Women's History Month - Elizabeth Blackwell

The first woman to receive a medical degree in the US.

Queen Ranavalona III of Madagascar

The last Ruler of Madagascar.

She's Crafty - Microscopic Edition!

Some really cool science inspired crafts!

Happy Birthday - Septima Poinsette Clark

The "Queen Mother" or "Grandmother of the American Civil Rights Movement."

Monday, November 23, 2015

Rachel Fuller Brown -- scientist and advocate

When she was fourteen, Rachel Fuller Brown dropped out of school to pursue a degree at a vocational school with the intention of helping to support her family. Her father had abandoned them and she and her mother and brother were struggling to get by. Fortunately for all of us, her mother put her foot down and forced her to return to to her studies, insisting that her own daughter would attend college and earn the degree she never could.

Rachel went on to study chemistry in college, earning her Bachelor's at Mount Holyoke and her Doctorate at the University of Chicago, and eventually was part of a partnership that discovered an antifungal medicine still used today to treat serious fungal infections related to chemotherapy, AIDS, and organ transplants.

Friday, November 20, 2015

Kickstart This! Playing Nature's Year

The ever amazing Meguey Baker has done it again. She's come up with another wonderful game, Playing Nature's YearI'm sooooo excited for this game. I have long been fascinated by the stories we tell about our environment, and about the importance of each season and the subtle changes that occur throughout them.

I can't say that the 'traditional' (read: Euro-centric) stories resonated with me growing up -- I didn't understand why snowflakes were the symbol of winter when it rarely snowed in Louisiana. Now that I've lived in several different places where the seasons are so very different, I have a better appreciation for the local stories. Here in California, we are entering the "rainy season" where the colors are vastly different from elsewhere. The deciduous trees are losing their leaves and turning brown, but the grasses are coming back to life. It's a time of grays and greens and browns, where summer is gold and blue and dark green.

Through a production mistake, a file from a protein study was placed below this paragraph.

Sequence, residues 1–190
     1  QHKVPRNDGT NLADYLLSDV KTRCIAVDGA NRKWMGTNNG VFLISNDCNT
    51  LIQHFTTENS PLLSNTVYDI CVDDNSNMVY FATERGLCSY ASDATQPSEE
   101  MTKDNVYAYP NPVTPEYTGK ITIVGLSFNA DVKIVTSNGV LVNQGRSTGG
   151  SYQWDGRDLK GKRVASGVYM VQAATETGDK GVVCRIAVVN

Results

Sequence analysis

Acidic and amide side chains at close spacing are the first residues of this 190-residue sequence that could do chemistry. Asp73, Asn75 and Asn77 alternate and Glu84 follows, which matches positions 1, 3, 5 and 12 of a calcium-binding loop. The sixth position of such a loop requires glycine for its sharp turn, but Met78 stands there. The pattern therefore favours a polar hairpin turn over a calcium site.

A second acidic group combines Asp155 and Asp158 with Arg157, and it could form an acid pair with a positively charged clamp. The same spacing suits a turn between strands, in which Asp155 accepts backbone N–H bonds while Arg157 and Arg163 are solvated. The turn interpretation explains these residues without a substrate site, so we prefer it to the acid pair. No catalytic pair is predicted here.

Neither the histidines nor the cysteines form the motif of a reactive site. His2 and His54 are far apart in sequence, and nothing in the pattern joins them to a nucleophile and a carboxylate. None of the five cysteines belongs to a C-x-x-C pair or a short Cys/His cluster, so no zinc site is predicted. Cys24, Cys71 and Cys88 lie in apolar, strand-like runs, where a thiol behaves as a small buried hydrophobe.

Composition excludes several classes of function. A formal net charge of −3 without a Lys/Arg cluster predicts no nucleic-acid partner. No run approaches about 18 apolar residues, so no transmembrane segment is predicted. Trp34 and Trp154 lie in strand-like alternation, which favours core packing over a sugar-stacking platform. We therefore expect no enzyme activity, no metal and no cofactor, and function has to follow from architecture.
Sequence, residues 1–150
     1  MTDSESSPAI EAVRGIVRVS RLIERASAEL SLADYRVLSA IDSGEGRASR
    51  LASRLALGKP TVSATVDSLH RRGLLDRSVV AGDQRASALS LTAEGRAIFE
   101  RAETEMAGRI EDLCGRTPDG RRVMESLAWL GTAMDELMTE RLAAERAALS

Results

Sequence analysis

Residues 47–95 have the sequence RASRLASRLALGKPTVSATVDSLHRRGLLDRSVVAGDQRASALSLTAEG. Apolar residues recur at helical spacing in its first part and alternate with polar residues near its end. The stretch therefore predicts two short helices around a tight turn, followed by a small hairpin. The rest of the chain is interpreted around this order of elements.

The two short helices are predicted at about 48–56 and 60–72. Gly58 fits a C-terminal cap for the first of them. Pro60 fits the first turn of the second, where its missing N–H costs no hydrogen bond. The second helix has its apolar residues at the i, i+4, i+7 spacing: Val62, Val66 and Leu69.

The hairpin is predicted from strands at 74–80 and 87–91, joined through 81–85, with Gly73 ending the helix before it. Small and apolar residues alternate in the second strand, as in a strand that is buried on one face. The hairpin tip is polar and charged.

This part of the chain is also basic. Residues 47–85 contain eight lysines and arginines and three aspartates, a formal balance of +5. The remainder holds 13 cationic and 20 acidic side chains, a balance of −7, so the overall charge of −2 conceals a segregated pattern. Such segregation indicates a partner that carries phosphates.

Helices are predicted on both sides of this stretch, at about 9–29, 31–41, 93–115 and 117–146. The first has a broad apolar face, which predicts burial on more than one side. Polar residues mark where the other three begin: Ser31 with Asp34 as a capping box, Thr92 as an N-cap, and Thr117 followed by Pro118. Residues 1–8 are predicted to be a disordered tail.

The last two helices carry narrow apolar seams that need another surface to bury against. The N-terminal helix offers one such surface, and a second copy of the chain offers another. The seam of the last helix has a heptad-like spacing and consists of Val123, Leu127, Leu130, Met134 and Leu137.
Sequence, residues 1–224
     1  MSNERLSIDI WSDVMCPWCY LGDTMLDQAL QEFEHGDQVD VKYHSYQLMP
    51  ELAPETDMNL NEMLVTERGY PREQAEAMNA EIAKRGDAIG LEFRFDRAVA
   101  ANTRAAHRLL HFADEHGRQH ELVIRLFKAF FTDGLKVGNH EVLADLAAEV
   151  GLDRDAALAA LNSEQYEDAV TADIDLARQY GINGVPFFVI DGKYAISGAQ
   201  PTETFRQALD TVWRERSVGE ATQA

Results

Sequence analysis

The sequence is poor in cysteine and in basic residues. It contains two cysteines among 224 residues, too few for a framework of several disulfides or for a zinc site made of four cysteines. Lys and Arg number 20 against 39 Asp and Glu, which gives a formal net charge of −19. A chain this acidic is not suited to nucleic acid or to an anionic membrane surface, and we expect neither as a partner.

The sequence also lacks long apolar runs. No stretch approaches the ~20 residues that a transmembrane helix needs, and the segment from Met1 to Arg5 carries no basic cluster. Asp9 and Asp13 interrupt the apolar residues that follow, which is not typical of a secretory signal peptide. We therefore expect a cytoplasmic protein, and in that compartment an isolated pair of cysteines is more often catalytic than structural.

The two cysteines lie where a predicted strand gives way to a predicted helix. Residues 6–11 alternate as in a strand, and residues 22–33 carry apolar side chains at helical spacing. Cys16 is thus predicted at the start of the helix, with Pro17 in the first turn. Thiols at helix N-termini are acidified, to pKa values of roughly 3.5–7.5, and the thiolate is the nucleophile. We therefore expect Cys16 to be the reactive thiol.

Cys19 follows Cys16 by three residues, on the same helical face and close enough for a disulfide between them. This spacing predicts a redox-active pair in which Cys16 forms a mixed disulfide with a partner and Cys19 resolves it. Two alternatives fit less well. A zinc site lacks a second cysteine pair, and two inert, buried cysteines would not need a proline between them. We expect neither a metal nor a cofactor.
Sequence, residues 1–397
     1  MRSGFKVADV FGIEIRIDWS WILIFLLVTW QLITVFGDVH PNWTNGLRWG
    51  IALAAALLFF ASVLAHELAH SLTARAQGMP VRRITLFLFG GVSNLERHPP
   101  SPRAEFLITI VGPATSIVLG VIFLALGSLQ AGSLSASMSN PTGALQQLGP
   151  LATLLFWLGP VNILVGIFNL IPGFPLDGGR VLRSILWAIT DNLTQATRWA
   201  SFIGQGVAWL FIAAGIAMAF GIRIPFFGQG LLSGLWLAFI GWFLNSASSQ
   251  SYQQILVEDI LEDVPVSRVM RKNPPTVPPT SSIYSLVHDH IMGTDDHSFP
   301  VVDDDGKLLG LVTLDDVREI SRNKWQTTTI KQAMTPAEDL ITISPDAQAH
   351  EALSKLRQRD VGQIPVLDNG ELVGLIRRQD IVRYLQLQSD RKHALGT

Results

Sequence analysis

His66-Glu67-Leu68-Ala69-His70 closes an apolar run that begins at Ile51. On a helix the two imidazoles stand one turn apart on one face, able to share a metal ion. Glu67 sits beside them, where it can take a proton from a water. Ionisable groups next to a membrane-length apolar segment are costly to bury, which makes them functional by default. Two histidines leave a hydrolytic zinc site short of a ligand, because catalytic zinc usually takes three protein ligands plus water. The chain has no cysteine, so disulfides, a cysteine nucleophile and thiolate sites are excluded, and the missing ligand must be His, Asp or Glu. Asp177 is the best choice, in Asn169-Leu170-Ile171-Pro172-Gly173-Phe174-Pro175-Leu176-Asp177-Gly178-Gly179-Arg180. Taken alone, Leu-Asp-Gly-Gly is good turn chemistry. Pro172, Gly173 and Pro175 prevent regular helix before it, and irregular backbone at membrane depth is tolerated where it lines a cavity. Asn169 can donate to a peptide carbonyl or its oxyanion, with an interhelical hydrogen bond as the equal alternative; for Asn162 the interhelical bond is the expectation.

I also have a deep appreciation of story-telling and gaming, and especially story-telling games! So, when I learned that Meg's new game combines storytelling and nature, I jumped at the chance to support it.

Meg was kind enough to answer a few of my questions, to help me share this fantastic project with you all. I hope that even if you don't decide to back Playing Nature's Year, you'll check out her many other games and find something that piques your interest!

SRPS: First of all, can you tell me a little bit about yourself -- your work, your passion, your goals.

MB: My basic mission in life, the thing that underlies pretty much everything I do, is to listen to under-heard voices and amplify them. For a dozen years, I facilitated a group for new mothers dealing with postpartum stress/anxiety/depression. I teach sex ed anywhere I can, especially to teenagers, and advocate for them as they discover their orientation and identity. I designed games for social change and the re-knitting of friendship networks among teenage girls in Ethiopia. I am a textile conservation specialist at two different local museums, where I help to uncover and preserve the stories of the past as told by the objects left behind and people that made them, with a specific focus on women, children, people of color, the currently poor, and other non-dominant voices. This extends to my parenting and how Vincent and I raise our three sons. I tell them my goal is for them to be "C to the 5th" - curious, compassionate, creative, connected and contributing members of their communities. I really do believe that every person has a story worth telling and a story worth hearing.

Thursday, November 19, 2015

Quote of the Day - Wilma Mankiller

Wilma Mankiller (November 18, 1945 – April 6, 2010), was the first female chief of the Cherokee Nation, serving from 1985 to 1995. When she accepted the position, she was one of only a few women in tribal leadership. During her time as chief, she worked to reintroduce traditional Cherokee systems where women and men worked together for the betterment of the tribe.

She also worked diligently to improve relations between the Cherokee Nation and the United States federal government, and using federal funds to create long-lasting community development projects to encourage tribal businesses, promote economic independence, and improve infrastructure.